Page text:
Greening in the Red Zone… Disaster, Resilience and Community Greening – now available!

Cover Greening in the Red Zone

Cover Greening the Red Zone

Ok – it has taken some time to appear but finally this much anticipated volume is available. My former colleague Marlon van der Waal and I have a chapter in it titled: “Sustainability-Oriented Social Learning in Multi-cultural Urban Areas: The Case of the Rotterdam Environmental Centre” which explores the utilization of social cohesion and diversity in creating more sustainable multi-cultural communities. Community greening is seen as a catalyst for sustainability-oriented social learning. Greening here is not the same as literally adding green to a community (trees, parks, gardens) – although that certainly can be a part of it – but rather as a metaphor for improving quality of life and a stepping stone towards sustainability. Social learning is introduced as a process that builds social cohesion and relationships in order to be able to utilize the different perspectives, values and interests people bring to a sustainability challenge. Although there are many perspectives and definitions of social learning it is defined here as: a collaborative, emergent learning process that hinges on the simultaneous cultivation of difference and social cohesion in order to create joint ownership, and to unleash creativity and energy needed to break with existing patterns, routines or systems. The author proofs – for a sneak preview – can be found here: GreeningintheRedZoneWalsWaal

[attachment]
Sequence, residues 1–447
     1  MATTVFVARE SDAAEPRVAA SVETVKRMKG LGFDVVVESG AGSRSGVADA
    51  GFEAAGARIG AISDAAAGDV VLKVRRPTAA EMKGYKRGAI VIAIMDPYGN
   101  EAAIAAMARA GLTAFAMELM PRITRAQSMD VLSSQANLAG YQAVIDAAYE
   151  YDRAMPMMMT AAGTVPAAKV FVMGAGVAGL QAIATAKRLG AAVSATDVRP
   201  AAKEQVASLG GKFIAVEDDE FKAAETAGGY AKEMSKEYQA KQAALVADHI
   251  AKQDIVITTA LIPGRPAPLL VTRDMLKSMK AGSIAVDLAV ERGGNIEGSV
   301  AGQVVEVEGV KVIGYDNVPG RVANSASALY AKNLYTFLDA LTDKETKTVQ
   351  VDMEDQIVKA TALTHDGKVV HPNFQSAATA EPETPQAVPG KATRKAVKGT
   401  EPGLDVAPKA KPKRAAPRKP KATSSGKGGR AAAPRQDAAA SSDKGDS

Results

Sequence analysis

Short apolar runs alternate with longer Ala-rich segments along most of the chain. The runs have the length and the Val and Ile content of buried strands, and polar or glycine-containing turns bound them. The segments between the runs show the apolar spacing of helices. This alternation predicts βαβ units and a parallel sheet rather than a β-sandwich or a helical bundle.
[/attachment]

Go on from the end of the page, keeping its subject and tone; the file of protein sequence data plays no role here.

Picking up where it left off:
The full reference of our chapter is: Wals, A.E.J. & van der Waal, M.E. (2014) Sustainability-Oriented Social Learning in Multi-cultural Urban Areas: The Case of the Rotterdam Environmental Centre. In: Tidball, K. & Krasny, M. (Eds.) Greening in the Red Zone. Frankfurt a.m.: Springer, p379-396.

Greening in the Red Zone as a whole makes a first foray into the intriguing and potentially important field of “greening” by painting a comprehensive picture of how greening might be useful after major disasters. The book brings together renowned experts and practitioners from around the world. On the publisher’s website we can read:

“Creation and access to green spaces promotes individual human health, especially in therapeutic contexts among those suffering traumatic events. But what of the role of access to green space and the act of creating and caring for such places in promoting social health and well-being? Greening in the Red Zone asserts that creation and access to green spaces confers resilience and recovery in systems disrupted by violent conflict or disaster. This edited volume provides evidence for this assertion through cases and examples. The contributors to this volume use a variety of research and policy frameworks to explore how creation and access to green spaces in extreme situations might contribute to resistance, recovery, and resilience of social-ecological systems.”

Some advance praise:

This book takes important steps in advancing understanding of what makes communi­ties bounce back from disaster or violent conflict. The authors’ findings that creating and caring for green space contributes positively to recovery and resilience add to the toolkit of those working in disaster and conflict zones. W. C. Banks, Director, Institute for National Security and Counterterrorism, Syracuse University

Greening in the Red Zone is a highly relevant book. At a time when society is more separated than ever from the natural world, it offers additional reasons why our ongoing experience of nature is essential for the human body, mind and spirit. This book is both instructive and inspiring. S. R. Kellert, Tweedy Ordway Professor Emeritus, Senior Research Scholar, Yale University